Much of the energy -- and the money -- expended on the election has been directed at two key Assembly races, which could tip the balance of a body that's currently split 6 to 5, with the majority tending to back Mayor Dan Sullivan.
One of the races, in East Anchorage, pits incumbent Adam Trombley, who works in sales for a company that manages chemicals for the oil and gas industry, against Pete Petersen, the recently retired owner of a takeout food business and former Democratic state legislator.
That race has turned into an all-out war, with unions and business groups spending tens of thousands of dollars on a barrage of attack ads and mailers over the past few weeks -- in the process sidelining the campaign of Mao Tosi, a community activist, former NFL football player and political newcomer who's the third candidate in the district.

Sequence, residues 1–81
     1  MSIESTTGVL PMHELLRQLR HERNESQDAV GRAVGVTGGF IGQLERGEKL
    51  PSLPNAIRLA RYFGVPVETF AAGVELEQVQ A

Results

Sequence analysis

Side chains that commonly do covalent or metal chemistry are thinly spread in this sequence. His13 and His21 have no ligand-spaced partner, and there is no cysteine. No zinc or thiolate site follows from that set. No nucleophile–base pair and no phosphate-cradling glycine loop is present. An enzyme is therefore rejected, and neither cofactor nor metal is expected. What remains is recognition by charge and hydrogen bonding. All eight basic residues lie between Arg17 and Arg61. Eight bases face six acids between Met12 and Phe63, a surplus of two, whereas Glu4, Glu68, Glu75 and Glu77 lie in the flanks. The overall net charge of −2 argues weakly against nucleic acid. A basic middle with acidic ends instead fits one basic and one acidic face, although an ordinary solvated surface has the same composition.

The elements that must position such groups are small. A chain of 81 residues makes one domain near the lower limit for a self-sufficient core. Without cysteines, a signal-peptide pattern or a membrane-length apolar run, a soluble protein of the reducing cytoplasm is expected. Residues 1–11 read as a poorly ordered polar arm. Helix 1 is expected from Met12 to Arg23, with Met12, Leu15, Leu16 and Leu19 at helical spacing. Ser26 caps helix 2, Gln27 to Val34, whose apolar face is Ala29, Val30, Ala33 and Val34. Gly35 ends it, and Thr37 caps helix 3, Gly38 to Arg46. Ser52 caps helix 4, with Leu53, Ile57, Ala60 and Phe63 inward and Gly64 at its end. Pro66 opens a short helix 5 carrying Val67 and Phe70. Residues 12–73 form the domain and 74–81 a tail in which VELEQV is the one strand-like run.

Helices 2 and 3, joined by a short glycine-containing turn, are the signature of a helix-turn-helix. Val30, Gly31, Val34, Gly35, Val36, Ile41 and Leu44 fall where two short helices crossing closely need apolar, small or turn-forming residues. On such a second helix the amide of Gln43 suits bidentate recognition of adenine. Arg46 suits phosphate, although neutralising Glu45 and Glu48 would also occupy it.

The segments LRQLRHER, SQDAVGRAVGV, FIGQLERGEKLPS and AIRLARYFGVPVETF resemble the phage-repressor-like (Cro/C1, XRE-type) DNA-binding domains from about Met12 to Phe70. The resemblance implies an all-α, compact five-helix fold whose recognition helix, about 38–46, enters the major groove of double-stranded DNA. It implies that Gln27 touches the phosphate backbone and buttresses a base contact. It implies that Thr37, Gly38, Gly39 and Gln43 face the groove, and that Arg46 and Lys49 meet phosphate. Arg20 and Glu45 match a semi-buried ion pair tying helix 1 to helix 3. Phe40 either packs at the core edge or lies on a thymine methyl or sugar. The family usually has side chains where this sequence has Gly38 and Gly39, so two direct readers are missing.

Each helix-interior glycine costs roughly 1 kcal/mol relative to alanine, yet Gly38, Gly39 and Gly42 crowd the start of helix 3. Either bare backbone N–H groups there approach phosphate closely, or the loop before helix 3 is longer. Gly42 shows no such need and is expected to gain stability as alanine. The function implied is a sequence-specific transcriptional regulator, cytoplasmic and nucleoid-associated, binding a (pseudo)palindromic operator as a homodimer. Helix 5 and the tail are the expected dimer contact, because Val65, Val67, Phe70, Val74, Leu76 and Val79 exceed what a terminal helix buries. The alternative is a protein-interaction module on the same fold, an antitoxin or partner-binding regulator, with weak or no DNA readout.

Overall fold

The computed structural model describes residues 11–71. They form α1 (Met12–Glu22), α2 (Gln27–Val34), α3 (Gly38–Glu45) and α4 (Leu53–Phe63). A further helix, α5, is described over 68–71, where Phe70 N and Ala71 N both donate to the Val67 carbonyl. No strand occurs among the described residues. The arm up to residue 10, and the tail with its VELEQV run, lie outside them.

South Anchorage boasts a tight race of its own, which pits two conservative candidates, Bill Evans and Pete Nolan, against Bruce Dougherty, a self-described moderate.
None of the candidates have released any polls, leaving few clues to how the two races will turn out.
"The poll will be tomorrow, when people go to the polls," Nolan said in a phone interview Monday. "I think this one's going to be real close."
Turnout in recent non-mayoral election years has been roughly 20 percent, which would equate to 40,000 of the city's 200,000 registered voters.
The city has already received about 5,000 early and mailed-in absentee votes -- more than the 4,700 recorded last year. Those ballots won't be counted until next week, leaving open the possibility that Anchorage residents won't learn the results of any tight races until after Election Day.
The city's polling sites are open from 7 a.m. until 8 p.m.; residents can look up their polling places at neighborhood.muni.org.